Hong Kong has been experiencing demographic ageing with an increasing number of older population and prolonged life expectancy. It is projected that population will increase from 12% in 2004 to 24% in 2031 (Census and Statistics Department of Hong Kong, 2002). Older people in the future are expected to be wealthier and healthier and the potential demand for recreational activities will strongly be associated with this group. As highlighted in the Chief Executive of the HKSAR 2001 policy address, the future direction of elderly care and services is to improve the quality of life of older persons, ensuring that they will continue to enjoy a sense of security, belonging and a feeling of good health and worthiness. The report on healthy ageing by the Elderly Commission suggested that promoting physical well-being alone is not enough for older people and therefore a number of ways to enhance their psychological well-being are necessary (Elderly Commission, 2001).
The importance of psychological well-being to quality of life of older people and their life expectancy is an integral part of the concept of successful ageing and also forms a main plank in the WHO’s policy framework of active ageing (WHO, 2002). More active social participation or leisure activities are very widely recognized as crucial. According to reports published by the Hong Kong Tourist Association (HKTA, 1998), Hong Kong residents departures to overseas destinations increased from 3.4 million in 1996 to 3.8 million in 1997, representing a growth rate of 9.1%. Although the trend for older people in Hong Kong is not clear from literature and existing data, outbound travelling for older people seems to be a development which is both commercially viable and probably socially desirable. A popular activity to enhance the quality of life of older people in Hong Kong is outbound travelling.
The “graying” of population in Hong Kong has aroused the attention of people running overseas tourism and it is not surprising that given the increasing number of older people and the large amount of unoccupied time available to them, this has captured the interest of those examining travel characteristics of the market (Van Harssel, 1994). Indeed, many people identified by demographic age as “elderly” may be cognitively young (Schiffman & Sherman, 1991) and open to innovation in their travel behaviour (Szmigin & Carrigan, 2001). Moreover, in all likelihood, older tourists will be as strongly motivated to travel as younger people (Sharpley, 1994). Thereby, senior travel is becoming a widely recognized aspect for promoting healthy and active ageing. However, the research conducted in Hong Kong concerning the meaning and significance of outbound travelling amongst older people in Hong Kong has been very limited so far.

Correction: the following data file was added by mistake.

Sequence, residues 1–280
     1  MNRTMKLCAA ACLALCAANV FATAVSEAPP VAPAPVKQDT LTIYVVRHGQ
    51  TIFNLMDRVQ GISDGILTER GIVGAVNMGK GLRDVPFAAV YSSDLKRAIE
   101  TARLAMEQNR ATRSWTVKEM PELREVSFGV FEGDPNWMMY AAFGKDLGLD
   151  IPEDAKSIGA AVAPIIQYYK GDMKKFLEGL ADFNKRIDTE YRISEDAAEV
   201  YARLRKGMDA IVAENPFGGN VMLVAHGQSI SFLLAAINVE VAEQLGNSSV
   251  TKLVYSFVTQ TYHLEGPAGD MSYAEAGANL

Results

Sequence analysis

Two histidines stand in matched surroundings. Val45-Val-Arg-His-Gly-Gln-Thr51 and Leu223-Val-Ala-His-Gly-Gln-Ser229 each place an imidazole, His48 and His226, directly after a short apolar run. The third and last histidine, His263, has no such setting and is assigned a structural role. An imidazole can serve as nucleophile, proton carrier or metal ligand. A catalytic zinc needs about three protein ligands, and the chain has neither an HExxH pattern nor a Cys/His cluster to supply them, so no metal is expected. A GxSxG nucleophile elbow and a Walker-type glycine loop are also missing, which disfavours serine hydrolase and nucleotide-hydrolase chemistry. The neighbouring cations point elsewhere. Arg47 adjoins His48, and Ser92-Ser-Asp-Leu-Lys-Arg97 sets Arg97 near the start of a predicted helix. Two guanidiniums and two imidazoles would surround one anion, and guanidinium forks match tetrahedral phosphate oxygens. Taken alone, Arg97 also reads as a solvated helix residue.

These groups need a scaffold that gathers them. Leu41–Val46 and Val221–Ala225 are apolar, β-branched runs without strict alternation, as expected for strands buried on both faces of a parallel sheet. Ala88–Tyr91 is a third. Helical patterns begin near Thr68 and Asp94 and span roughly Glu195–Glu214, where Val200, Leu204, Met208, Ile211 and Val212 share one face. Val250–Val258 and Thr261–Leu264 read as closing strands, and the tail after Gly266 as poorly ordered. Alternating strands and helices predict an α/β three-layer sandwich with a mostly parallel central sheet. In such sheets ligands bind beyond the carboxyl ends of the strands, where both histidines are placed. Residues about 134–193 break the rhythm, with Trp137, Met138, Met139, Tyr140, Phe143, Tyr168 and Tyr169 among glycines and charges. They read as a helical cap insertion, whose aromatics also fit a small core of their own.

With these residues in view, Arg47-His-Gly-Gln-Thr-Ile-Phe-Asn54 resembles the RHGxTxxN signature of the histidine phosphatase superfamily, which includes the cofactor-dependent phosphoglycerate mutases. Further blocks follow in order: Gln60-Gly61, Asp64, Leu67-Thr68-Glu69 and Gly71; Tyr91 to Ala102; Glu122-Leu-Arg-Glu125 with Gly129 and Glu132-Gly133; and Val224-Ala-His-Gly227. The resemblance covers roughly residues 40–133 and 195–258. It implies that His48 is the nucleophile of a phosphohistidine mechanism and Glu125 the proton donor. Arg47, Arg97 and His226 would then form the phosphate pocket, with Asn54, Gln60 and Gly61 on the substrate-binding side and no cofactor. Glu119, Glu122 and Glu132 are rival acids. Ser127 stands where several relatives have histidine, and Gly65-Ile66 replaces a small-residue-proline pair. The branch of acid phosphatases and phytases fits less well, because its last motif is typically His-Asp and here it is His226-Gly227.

The present research presents an exploratory study on senior travel in the context of Hong Kong and four dimensions are addressed as follows:
- The motivations for outbound travelling amongst older people in Hong Kong.
- The perceived barriers to outbound travelling amongst older people in Hong Kong.
- To describe and analyze the travel modes and activities conducted during outbound travel.
- To explore the psychological meaning(s) of outbound travel for older people.
Chan, C. M. A., Phillips, D. R., Fong, M. S. F., & Wong, H. Y. E. (2005). An exploratory study on the significance of outbound travelling for the older persons in Hong Kong (APIAS Monograph Paper Series No.8). Retrieved from Lingnan University website: http://commons.ln.edu.hk/apiasmp/5